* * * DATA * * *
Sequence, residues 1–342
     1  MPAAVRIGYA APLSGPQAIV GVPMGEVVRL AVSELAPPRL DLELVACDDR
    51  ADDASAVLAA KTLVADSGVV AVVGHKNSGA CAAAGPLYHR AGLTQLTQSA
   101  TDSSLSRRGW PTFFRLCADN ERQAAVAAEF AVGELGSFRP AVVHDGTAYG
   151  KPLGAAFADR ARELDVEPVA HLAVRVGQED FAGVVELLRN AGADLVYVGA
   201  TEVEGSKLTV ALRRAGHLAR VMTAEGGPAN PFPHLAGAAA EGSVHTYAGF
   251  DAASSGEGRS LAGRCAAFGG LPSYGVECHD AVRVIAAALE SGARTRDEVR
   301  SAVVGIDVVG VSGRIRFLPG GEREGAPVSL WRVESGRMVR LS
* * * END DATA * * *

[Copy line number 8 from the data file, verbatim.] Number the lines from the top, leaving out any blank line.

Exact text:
   301  SAVVGIDVVG VSGRIRFLPG GEREGAPVSL WRVESGRMVR LS